Big Little Lies finally returns this Sunday! With Meryl Streep!
There’s still a lot of mystery around the sophomore run of the hit HBO limited series, but we’ve pieced together all the existing information, including details divulged at a Television Critics Association panel in February with the cast — Zoë Kravitz, Laura Dern, Reese Witherspoon, Nicole Kidman, Meryl Streep, and Shailene Woodley — and creator/writer David E. Kelley. And, speaking with EW in May, Kelley provided a first look at the paths we see our favorite Monterey mommas on.
Ahead of the show’s return, take a look at everything we know about the much-anticipated season 2:
The second season starts a few months after the events of season 1.
When we first make our return to Monterey, the events of the climactic costume party — in which Kravitz’s character Bonnie pushed Celeste’s abusive husband Perry (Alexander Skarsgård) to his death — have been weighing on the characters for at least a few months. “There’s a cord and a core of stress that’s pulsating through each of the women, some fueled and complicated by the lie, and some dependent on the lie,” Kelley explains.
There will be new woes for Madeline Martha MacKenzie.
Madeline and Ed’s (Adam Scott) marriage was hardly peachy in the first season, but Kelley says to expect it to get even worse in season 2. And, in addition to her marital woes, Madeline is sent reeling by her daughter Abigail (Kathryn Newton) and her decision not to go to college. “In Reese’s hands, we get to realize the potential of the character, one that’ll make you laugh, make you cry, be a bully in one scene, be a caretaker in another … it’s quite a whirlwind,” Kelley says.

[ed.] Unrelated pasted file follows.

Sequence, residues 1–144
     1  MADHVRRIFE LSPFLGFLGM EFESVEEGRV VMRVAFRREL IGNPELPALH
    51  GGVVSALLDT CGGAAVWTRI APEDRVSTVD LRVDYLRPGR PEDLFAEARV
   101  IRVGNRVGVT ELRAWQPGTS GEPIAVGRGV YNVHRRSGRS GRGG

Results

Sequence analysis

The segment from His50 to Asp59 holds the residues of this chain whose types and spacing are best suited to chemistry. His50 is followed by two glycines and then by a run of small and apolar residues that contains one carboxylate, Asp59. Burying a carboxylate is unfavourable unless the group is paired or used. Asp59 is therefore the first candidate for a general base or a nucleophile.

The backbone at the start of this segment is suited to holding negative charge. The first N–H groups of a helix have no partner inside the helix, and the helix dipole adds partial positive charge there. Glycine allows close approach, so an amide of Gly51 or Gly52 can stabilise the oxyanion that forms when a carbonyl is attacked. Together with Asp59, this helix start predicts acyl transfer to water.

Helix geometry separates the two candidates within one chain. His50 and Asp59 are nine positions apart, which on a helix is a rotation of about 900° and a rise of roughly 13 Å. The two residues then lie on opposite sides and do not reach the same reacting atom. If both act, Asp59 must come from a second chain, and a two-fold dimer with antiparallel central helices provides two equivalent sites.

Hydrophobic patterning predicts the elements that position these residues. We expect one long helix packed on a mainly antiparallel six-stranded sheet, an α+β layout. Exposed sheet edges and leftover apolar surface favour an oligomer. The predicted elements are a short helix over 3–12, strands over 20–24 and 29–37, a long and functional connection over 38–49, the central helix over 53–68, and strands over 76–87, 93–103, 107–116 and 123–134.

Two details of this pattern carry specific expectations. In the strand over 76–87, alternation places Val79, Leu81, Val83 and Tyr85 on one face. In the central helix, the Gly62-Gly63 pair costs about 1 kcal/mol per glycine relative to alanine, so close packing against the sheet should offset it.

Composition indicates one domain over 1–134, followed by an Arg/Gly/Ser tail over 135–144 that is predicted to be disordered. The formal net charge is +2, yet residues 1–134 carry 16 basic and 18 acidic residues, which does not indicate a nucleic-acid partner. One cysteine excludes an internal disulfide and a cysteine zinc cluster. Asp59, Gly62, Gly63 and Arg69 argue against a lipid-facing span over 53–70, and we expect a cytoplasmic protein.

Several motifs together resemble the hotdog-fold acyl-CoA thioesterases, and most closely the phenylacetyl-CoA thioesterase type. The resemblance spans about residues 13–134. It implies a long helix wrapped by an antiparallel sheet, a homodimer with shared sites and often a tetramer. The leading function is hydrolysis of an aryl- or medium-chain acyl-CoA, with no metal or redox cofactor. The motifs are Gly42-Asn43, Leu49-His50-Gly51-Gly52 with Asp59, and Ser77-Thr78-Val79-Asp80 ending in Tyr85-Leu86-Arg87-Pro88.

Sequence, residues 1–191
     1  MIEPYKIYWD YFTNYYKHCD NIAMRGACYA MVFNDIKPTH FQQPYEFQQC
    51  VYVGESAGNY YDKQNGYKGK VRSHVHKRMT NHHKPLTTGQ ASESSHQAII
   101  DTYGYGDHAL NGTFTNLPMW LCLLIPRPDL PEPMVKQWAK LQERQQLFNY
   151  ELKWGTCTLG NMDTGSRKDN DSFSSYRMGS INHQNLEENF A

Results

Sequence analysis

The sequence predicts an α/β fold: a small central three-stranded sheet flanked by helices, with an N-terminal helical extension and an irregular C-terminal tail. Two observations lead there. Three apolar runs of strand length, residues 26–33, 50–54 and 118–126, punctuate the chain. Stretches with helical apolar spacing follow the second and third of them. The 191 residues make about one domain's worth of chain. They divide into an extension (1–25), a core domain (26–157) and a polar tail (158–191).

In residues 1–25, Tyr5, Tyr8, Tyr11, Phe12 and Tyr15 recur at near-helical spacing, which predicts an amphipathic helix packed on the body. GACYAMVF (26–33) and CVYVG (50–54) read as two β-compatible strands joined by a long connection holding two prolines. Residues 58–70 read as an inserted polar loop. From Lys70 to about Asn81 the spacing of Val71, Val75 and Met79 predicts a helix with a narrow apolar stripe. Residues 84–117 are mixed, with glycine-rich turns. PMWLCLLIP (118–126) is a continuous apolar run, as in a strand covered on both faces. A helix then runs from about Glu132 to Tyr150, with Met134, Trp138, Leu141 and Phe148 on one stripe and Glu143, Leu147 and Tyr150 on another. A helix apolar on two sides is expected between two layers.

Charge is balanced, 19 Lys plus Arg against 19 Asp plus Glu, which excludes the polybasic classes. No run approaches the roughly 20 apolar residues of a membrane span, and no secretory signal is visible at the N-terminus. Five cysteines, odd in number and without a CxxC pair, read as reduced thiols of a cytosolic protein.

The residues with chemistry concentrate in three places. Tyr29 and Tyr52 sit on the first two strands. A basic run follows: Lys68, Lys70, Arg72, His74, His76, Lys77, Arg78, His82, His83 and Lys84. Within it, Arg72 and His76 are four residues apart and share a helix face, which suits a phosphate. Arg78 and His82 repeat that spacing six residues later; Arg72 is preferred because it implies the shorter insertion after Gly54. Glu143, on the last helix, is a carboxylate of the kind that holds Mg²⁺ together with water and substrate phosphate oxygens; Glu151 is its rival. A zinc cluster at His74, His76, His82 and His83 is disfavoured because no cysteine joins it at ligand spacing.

Jane has a new love interest!
Woodley’s Jane starts a relationship with a colleague in season 2, but naturally, not everything is hunky dory. “She needs to heal and she needs to rebuild; she’s been through a great personal trauma and she’s got an internal fortitude,” Kelley says. “She wants to plow through it — maybe plow through it too much without getting therapeutical help that would make her course easier — but she definitely is forward-thinking and [has] foot-forward positivity.”
Celeste’s journey will be “truthful to the recovery of abuse.”
Plagued with guilt over what happened to her husband, Celeste (Kidman) experiences nightmares while juggling the sudden appearance of her suspicious mother-in-law (Streep), and keeping her twin boys from the truth about their violent father. “The one thing that [Nicole and I] were really adamant about was being truthful to the recovery of abuse because it’s very complicated,” Kelley says. “It’s not as simple as ‘okay, the abuser is dead so life goes on.’ Not only do the scars of abuse continue to live on but the gravitational pull towards the abuser is not extinguished either.”